Filing 62

MEMORANDUM OPINION and ORDER denying motion to disqualify Judge. Signed by Judge Colleen Kollar-Kotelly on 7/20/2015. (lcckk2)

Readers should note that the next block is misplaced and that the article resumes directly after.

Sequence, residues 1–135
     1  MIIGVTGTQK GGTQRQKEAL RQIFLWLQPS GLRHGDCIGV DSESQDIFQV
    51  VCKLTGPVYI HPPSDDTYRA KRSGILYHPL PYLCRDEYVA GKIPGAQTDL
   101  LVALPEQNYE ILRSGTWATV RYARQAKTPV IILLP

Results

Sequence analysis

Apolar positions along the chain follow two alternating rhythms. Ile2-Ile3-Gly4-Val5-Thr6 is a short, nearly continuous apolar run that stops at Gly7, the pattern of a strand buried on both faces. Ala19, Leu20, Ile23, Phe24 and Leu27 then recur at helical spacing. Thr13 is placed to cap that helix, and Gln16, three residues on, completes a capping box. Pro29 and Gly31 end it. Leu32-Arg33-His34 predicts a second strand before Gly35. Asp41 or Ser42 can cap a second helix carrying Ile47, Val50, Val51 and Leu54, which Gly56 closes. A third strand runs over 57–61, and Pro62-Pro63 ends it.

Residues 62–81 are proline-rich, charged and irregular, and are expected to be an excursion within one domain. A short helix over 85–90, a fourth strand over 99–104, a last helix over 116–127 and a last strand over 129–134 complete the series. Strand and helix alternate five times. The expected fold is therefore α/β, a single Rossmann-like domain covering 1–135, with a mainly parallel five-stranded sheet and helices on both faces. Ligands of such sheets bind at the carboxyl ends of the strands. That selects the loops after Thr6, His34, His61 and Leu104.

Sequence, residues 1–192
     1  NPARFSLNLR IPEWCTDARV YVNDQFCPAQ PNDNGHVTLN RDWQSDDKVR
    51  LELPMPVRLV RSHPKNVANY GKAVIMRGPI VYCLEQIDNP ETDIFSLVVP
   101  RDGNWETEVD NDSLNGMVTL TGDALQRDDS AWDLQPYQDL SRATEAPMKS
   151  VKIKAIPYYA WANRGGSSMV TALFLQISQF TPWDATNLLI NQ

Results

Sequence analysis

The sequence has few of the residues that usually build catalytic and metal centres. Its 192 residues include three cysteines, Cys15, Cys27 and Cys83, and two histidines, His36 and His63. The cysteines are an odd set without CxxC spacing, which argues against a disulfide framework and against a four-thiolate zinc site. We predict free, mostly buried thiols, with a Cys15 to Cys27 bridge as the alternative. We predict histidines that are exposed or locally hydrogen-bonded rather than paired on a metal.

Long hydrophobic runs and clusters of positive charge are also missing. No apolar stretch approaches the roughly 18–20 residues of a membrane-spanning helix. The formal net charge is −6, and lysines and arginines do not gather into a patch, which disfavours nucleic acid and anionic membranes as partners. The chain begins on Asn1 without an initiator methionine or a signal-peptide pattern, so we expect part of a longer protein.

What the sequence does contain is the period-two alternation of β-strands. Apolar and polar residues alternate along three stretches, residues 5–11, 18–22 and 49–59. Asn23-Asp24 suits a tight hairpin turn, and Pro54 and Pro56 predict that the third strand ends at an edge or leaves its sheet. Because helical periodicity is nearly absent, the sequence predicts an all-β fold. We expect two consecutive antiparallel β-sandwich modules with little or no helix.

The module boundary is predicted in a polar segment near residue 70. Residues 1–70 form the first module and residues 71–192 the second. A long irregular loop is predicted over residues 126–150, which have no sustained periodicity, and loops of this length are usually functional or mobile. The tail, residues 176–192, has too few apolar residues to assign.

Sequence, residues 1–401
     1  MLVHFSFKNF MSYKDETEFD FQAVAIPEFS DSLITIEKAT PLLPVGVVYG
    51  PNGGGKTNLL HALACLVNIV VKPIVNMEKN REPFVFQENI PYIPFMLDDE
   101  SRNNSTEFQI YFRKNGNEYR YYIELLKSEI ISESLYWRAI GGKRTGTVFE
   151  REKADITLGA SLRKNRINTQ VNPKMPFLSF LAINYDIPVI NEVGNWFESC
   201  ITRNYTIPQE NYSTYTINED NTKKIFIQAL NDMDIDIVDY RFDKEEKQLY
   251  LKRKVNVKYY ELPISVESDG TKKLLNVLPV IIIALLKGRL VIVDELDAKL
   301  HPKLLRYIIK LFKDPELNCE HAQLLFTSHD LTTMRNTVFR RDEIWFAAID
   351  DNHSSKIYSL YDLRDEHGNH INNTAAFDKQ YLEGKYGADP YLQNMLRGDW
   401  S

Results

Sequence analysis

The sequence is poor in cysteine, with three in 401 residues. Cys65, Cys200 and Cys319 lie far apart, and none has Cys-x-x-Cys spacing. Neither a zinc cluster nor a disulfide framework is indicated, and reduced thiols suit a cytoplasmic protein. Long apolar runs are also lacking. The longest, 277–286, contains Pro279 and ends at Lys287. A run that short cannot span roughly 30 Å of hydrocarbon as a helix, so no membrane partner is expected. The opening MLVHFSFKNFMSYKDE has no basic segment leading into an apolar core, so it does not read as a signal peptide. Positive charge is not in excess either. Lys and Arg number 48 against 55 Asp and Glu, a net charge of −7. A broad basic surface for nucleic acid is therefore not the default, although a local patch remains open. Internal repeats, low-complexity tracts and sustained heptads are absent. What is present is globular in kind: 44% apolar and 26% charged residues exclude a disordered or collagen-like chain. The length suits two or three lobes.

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UNITED STATES DISTRICT COURT FOR THE DISTRICT OF COLUMBIA D’RAYFIELD KARY-KHAME SHIPMAN, Plaintiff v. Civil Action No. 14-384 (CKK) NATIONAL RAILROAD PASSENGER CORPORATION (AMTRAK), et al., Defendants MEMORANDUM OPINION and ORDER (July 20, 2015) Presently before the Court is Plaintiff’s [59] “Response Motion,” in which Plaintiff requests that the Court recuse itself because of “a serious conflict of interest.” Pl.’s Mot. at 1. Plaintiff argues that the Court should disqualify itself and reassign this matter to a new judge for further proceedings. Specifically, Plaintiff argues that a conflict of interest exists because the Court dismissed another action filed by Plaintiff, Shipman v. Disabled American Veterans (15-cv-871), 1 because of “bias in this matter,” and because the “Court on several occasions have ignored my interests as Plaintiff in favor of Defendant’s attorneys.” Pl.’s Mot. at 2. Plaintiff also argues that this “civil system of justice” is unfair with respect to African-Americans. Although not styled as such, Plaintiff’s Response Motion is effectively a Motion for Recusal. For the reasons stated below, the Court concludes that recusal is neither required nor warranted, and the Court’s DENIES Plaintiff’s Motion. The disqualification of a federal judicial officer is governed by 28 U.S.C. § 455, which provides, in pertinent part: (a) Any justice, judge, or magistrate judge of the United States shall disqualify himself in any proceeding in which his impartiality might reasonably be questioned. (b) He shall also disqualify himself in the following circumstances: (1) Where he has a personal bias or prejudice concerning a party, or personal knowledge of disputed evidentiary facts concerning the proceeding. 1 The Court dismissed that case for failure to comply with Federal Rule of Civil Procedure 8(a). Shipman v. Disabled Am. Veterans, No. 1:15-CV-00871, 2015 WL 3635657, at *1 (D.D.C. June 9, 2015). 1 28 U.S.C. § 455(a), (b)(1). 2 In assessing section 455(a) motions for recusal, the D.C. Circuit applies an “objective” standard: “Recusal is required when ‘a reasonable and informed observer would question the judge's impartiality.’ ” S.E.C. v. Loving Spirit Found., Inc., 392 F.3d 486, 493 (D.C. Cir. 2004) (quoting United States v. Microsoft Corp., 253 F.3d 34, 114 (D.C. Cir. 2001), cert. denied, 534 U.S. 952 (2001)). Further, a party moving for recusal pursuant to Section 455(a) “must demonstrate the court's reliance on an ‘extrajudicial source’ that creates an appearance of partiality or, in rare cases, where no extrajudicial source is involved, ... a deep-seated favoritism or antagonism that would make fair judgment impossible.” Middlebrooks v. St. Coletta of Greater Washington, Inc., 710 F. Supp. 2d 77, 78 (D.D.C.2010), aff’d, 2011 WL 1770464 (D.C. Cir. Apr. 4, 2011), cert. denied, 132 S. Ct. 243 (2011) (citations and internal quotation marks omitted). A party moving for recusal pursuant to Section 455(b) must likewise demonstrate “actual bias or prejudice based upon an extrajudicial source.” Id. at 79 (citations omitted). Plaintiff’s request for disqualification is based on the undersigned District Court Judge’s rulings in this action and in another case brought by Plaintiff, Shipman v. Disabled American Veterans. However, “judicial rulings are almost never grounds for a claim of bias or impartiality.” Ramos v. U.S. Dep’t of Justice, 682 F. Supp. 2d 20, 24 (D.D.C. 2010). Plaintiff does not explain how the Court’s ruling against him in Disabled American Veterans would prevent the fair adjudication of this case. Moreover, while Plaintiff claims that the Court has “ignored [his] interests as Plaintiff in favor of Defendant’s attorneys,” Plaintiff does not explain how the Court has done so in a fashion that would make fair adjudication impossible. Although Plaintiff claims that the judicial system as a whole is biased against African-American litigants, he points to no evidence of judicial bias by the undersigned Judge. Nor has Plaintiff identified any extrajudicial acts by this Court that demonstrate pervasive bias or prejudice against Plaintiffs. See Middlebrooks, 710 F. Supp. 2d at 78. Accordingly, the Court concludes that Plaintiff has not demonstrated a basis for disqualification, and the Court DENIES Plaintiff’s request for disqualification. 2 In addition to the standard for recusal pursuant to section 455, recusal of a judge pursuant to 28 U.S.C. § 144 is appropriate “[w]henever a party to any proceeding in a district court makes and files a timely and sufficient affidavit that the judge before whom the matter is pending has a personal bias or prejudice either against him or in favor of any adverse party.” 28 U.S.C. § 144. However, Plaintiff’s request plainly does not satisfy the requirements of section 144: he has not submitted any affidavit in support of his request for disqualification—let alone one that meets the standards of section 144. The Court notes, as well, that it is far from a clear that a pro se party such as Plaintiff could avail himself of section 144 even had he submitted a facially sufficient affidavit in support of his motion. See Klayman v. Judicial Watch, Inc., 744 F. Supp. 2d 264, 273 (D.D.C. 2010) (noting divide among courts about whether section 144 is applicable to pro se parties). 2 For the foregoing reasons, it is hereby ORDERED that Plaintiff’s [59] request for the Court to recuse itself is DENIED. It is further ORDERED that he Clerk of the Court shall mail a copy of this Memorandum Opinion and Order to Plaintiff at his address of record. SO ORDERED. /s/ COLLEEN KOLLAR-KOTELLY United States District Judge 3

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